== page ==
Finding your Founder-Marketing fit, or how to stop worrying and get excited about your next sales meeting

“I would pay someone a million dollars to take this CISO to breakfast tomorrow instead of me.” 🥐

You’ve definitely heard this sentiment before. In fact, you’ve probably heard the more “positive” spin on it:

“Find a job you enjoy doing, and you will never have to work a day in your life.”

Every influencer ever

Let’s talk about Founder-Marketing fit.

For early stage founders, choosing a GTM motion that aligns with your superpowers and past experience will give you a significant edge over competition, especially in the early days.

We’ve written before about the importance of choosing the right ICP and how it will set you up for success in the long-term. Determining Founder-Marketing fit is about putting your best foot forward, and getting excited about who you’re marketing to and how you’re marketing to them.
When you’re focused on securing your first 10 customers, you want to stick to prospects and channels you can get excited about. This will make your short-term goals that much easier to achieve (and, ideally, your long-term goals as well).

Examples of a good Founder-Marketing fit:

  1. Technical founders who love contributing to open source, forums, and dev communities selling a PLG dev tool.
  2. Founders who are uber-networked in the tech ecosystem, selling a product to tech companies (replacing “tech” with “healthcare” or “French,” or other qualifiers, also works).
  3. A CEO who ran channel sales and partnerships, selling a product through channels and partners.
  4. A CEO with a strong network from business school, selling an enterprise product.

You get the idea. A good Founder-Marketing fit is a win-win; you’ll be more excited to market to folks you like and in channels you frequent, and your prospects will speak your language, making it easier to educate them about your product.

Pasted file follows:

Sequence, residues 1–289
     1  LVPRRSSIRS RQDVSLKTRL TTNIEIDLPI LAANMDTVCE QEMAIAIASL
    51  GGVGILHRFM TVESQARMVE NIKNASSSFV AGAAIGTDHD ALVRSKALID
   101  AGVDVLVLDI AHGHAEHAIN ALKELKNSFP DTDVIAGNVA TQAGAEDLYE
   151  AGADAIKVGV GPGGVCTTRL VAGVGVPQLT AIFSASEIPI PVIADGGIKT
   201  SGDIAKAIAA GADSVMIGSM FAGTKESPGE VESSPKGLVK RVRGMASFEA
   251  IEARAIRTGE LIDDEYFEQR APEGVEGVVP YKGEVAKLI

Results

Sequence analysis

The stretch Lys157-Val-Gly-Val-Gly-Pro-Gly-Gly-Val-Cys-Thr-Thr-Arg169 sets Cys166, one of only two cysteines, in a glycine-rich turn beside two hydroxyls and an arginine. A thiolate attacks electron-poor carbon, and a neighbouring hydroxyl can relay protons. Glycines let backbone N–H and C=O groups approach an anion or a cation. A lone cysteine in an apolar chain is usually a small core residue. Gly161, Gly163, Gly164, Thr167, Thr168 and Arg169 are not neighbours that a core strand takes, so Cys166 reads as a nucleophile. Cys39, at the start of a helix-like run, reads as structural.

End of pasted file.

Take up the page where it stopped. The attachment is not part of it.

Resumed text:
Examples of mismatches

  1. Two technical founders who hate “marketing fluff,” targeting Fortune 500 executives.
  2. A founder selling a $10 / seat / month dev tool who isn’t an active contributor to dev forums and communities.
  3. A CEO who doesn’t want to travel, selling an enterprise product.
  4. An Israeli CEO targeting US enterprises who doesn’t want to do evening meetings.
  5. A CEO who simply despises “wining & dining,” selling an enterprise product (see quote above).

We’re not saying to never market outside of your comfort zone – certainly not as you scale, and your marketing team consists of more than just the CEO. But early on, a bad Founder-Marketing fit will make you dread your sales meetings – and reduce your chances of connecting with your prospects.

The bottom line

Later on in your startup’s lifecycle, when you have a full-blown marketing and sales team, finding the right Founder-Marketing fit matters less. But in the early days, when you’re hustling to close your first 10 customers? Doing something you’re good at and like doing makes a huge difference in your chances of success… and also in your quality of life.

Where a gourmet breakfast meets executive despair. Don’t be that CEO.

Further reading

Netta is the founder and CEO of Blue Seedling. She loves third wave coffee, thin crust pizza, and B2B marketing.

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